I am confused if this happens when the computer was made in 2010, or when it was brought in by me for service the first time.

    Could the board have spent its entire life in my Mac without having a serial number printed on it?

    I cant prove that this is my board because it is missing the serial number.

    Bottom line the logic board was working when it arrived at the repair center and was not when it left. Could the loose screws have killed the logic board?
  8. sofianito macrumors 65816


    Jan 14, 2011
    This kind of stuff could happen in 3rd world countries. For instance, you take your car to replace the wheels and you get a car with an engine older than the one had before... :D
  9. Binomio macrumors member

    Apr 20, 2012
    This sounds interesting, do you know what regional shop was it? Or the location? Also is this shop Apple authorized?

    I've worked at an authorized Apple service center in the US before, so I will try explain a couple things.

    Most Apple repair centers replace parts at the sub-component level (LCD, Logic Board, Superdrive, HDD etc). Those centers do not repair the sub-components, instead they swap failing components with good parts, this is done to speed up repair (1 Day repair). Then those bad parts are sent overseas where they're repaired/scrapped. This is sort of like a cycle really.

    So in your case, the repair center probably replaced your logic board with a refurbished board. Then it was serialized electronically with a special tool. The techs do not transfer the little serial number sticker to new boards as this is impractical and may damage the logic board.

    As for the DOA board, you may want to send your laptop back, you have a 90-day warranty after you receive your laptop from a depot.
  10. Attonine macrumors 6502a

    Feb 15, 2006
    Kent. UK

    What exactly are you concerned about? You used an Authorised service centre, so just take the MBP back and get them to sort things out.
  11. jafingi macrumors 65816


    Apr 3, 2009
    I don't understand why you're making this such a big case.

    Fact is: You brought a WORKING Mac to the store, and received a FAULTY Mac after the repair.

    The thing to do is to return it to the store again, telling them that the machine was DOA, and make them fix it!

    Don't make it more complicated than it is :p
  12. nickandre21, Jul 20, 2013
    Last edited: Jul 20, 2013

    nickandre21 macrumors 6502a

    Jun 21, 2012
    As every stated above please take the laptop back to the same service center.
    Ive had a logic board replaced on my macbook pro they do not have any physical labels to tell of the machines/logic board serial number. The same goes for a bottom case. The serial number will only be digitaly available for use with some softwares that require an hardware id for licensing purposes or itunes store.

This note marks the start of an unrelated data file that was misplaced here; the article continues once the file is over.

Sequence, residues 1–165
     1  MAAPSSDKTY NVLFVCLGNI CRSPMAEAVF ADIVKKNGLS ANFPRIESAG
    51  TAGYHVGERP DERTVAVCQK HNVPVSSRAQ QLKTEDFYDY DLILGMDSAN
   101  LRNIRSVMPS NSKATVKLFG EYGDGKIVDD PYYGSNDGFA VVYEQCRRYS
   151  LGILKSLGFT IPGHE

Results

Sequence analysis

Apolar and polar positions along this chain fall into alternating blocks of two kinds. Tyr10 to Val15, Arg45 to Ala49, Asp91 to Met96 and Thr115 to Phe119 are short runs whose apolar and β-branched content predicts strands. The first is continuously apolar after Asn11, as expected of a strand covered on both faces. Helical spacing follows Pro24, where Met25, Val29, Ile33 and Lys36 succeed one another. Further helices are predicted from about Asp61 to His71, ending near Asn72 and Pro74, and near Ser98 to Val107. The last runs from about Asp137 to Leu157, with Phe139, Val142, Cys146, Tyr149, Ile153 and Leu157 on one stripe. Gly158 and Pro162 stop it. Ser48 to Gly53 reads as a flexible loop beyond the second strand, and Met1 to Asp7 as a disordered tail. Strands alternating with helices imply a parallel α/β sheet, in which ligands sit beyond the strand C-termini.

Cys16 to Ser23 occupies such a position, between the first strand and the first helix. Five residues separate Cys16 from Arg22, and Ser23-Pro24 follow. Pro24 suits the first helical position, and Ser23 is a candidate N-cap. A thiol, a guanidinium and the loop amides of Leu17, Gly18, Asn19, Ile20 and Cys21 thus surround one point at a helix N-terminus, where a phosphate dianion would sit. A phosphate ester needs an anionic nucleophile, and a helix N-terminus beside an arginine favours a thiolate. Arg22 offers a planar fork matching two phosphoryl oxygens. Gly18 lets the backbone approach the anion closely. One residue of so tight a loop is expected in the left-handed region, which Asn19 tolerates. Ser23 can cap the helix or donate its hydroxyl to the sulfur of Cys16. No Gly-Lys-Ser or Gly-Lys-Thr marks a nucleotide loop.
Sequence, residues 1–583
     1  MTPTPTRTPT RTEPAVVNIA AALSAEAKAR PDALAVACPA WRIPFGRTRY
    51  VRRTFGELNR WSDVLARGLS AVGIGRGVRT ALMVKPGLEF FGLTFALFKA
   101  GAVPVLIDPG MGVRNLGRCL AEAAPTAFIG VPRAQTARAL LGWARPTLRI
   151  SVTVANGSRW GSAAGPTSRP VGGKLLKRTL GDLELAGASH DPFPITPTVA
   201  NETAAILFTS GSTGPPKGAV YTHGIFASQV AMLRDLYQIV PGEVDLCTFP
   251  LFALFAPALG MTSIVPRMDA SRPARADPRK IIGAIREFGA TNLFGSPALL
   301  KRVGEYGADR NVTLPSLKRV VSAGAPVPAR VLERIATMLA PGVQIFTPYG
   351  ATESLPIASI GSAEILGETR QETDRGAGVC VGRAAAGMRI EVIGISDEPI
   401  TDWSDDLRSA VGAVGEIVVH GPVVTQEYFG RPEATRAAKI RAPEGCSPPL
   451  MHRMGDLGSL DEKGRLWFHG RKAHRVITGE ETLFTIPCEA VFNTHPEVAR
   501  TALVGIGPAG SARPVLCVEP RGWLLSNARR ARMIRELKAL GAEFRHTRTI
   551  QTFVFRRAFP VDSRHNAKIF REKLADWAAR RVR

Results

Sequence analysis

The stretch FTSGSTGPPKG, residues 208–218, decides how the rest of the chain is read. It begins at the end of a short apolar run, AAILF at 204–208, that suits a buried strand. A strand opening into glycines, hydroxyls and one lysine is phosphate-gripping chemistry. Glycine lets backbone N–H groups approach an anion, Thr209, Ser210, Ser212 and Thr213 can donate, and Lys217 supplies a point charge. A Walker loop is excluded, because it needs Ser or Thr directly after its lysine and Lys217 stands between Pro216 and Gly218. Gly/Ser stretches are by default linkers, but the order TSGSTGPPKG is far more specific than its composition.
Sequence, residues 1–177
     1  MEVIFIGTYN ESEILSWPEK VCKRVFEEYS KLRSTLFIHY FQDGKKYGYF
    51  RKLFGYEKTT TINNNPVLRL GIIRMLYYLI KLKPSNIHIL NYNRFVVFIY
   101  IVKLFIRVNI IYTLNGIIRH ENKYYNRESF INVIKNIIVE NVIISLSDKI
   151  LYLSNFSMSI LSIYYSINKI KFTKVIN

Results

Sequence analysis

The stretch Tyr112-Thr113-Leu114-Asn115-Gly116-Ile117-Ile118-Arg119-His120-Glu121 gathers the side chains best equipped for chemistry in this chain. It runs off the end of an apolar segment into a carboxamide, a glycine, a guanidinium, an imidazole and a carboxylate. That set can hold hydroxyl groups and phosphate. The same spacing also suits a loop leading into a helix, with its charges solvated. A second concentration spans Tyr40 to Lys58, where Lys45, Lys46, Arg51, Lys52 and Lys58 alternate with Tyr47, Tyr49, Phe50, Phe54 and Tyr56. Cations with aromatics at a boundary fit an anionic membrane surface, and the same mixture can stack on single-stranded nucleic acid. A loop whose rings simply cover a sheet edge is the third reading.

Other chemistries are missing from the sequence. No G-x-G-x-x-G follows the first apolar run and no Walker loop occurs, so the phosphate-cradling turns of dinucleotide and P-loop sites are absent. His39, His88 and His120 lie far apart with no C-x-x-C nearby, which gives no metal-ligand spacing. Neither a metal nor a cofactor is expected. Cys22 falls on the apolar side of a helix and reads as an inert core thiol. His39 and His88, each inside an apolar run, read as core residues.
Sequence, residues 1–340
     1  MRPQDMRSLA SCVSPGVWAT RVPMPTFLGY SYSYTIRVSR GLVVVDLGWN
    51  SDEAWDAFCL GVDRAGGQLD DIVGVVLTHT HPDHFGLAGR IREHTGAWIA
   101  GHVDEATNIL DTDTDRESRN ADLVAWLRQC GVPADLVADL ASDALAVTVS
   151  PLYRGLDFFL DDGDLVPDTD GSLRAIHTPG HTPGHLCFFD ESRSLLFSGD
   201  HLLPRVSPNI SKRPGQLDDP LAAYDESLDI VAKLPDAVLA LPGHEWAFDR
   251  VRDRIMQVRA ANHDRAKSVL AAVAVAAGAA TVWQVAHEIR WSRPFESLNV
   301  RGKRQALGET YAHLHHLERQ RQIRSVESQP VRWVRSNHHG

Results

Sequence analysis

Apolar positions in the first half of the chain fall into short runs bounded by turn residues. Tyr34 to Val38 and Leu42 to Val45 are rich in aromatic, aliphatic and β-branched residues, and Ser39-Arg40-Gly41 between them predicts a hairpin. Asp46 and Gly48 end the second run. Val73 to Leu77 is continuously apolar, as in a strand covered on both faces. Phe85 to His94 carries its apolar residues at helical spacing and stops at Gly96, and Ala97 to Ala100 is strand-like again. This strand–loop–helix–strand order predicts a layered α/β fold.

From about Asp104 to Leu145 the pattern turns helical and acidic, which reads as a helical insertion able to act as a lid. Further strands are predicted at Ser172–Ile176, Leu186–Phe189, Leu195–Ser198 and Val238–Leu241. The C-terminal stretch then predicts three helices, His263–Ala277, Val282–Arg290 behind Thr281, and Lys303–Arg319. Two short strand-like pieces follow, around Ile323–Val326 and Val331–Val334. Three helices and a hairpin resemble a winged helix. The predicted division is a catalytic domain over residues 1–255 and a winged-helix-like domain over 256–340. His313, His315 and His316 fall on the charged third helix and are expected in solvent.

My macbook pro after the logic board change worked at store but since they wiped my hdd i could not test it, got it home was installing my software and bam dead logic board again took it back to store and a new box laptop given.
    I had a friend who had damaged her screen towards the corners but screen was usable they only voided warranty on the screen the remaining parts had warranty on them she got her logic board replaced due to a faulty ram slot.

    You might want to check your job sheet when you picked up the laptop whatever parts changed would be listed there. If none have been changed then was its logic board changed previously? If not then you can question them as they will never remove a serial number label from the board. More tell tail signs would be if the ports look rather clean and shiny.
    But an apple authorized service provider would not plug in a new logic board without documenting it on GSX. All old parts go back to apple. If it does not reach them they make them pay. Each replaced board has a serial number of the laptop it came out from mentioned on the packaging. It seems distant that they may have swapped stuff but we cant be so sure. Can you feel any adhesive on the ram slots which could hint that they might of accidentally removed the label? Have you tried shorting the power pads on the logic board to see if the board powers up still?
  13. KevinC867 macrumors 6502a

    Jun 8, 2007
    Saratoga, CA
    My take on the OP's situation is that he brought a basically working system into his local Apple store to have a few problems fixed under warranty and they then shipped it off to a regional repair center which noticed the cracked display, voided his warranty and presented him with a $1200 quote to fully repair the computer. It sounds like he declined the quote, so I'm assuming that they should have shipped it back to him in the same condition they received it. But, according to him, he received it back with a dead logic board with no serial number and some loose parts rattling around inside.

    Since the store he brought it to originally saw that it was functioning at that time, I would hope that they would help to get this problem resolved. I'm concerned about the OP's comment that he will bring it to a third part service center. I would try to get a resolution from Apple before doing that.
  14. spooner13 macrumors newbie

    Nov 27, 2013
    Same concept!

    I took my iphone to our local irepair shop to have the battery checked. He said it would take five minutes, but came out 25 mins later and said I had bigger problems then the battery. He said I had half a screen out. I just used it before I went in there. I guess my questions is, is there a way I can see if that is the screen that is supposed to be there? I just do not feel good about it because he kept asking me to sell it to him since it was worthless. I want to nail his ass if I can, just need some proof.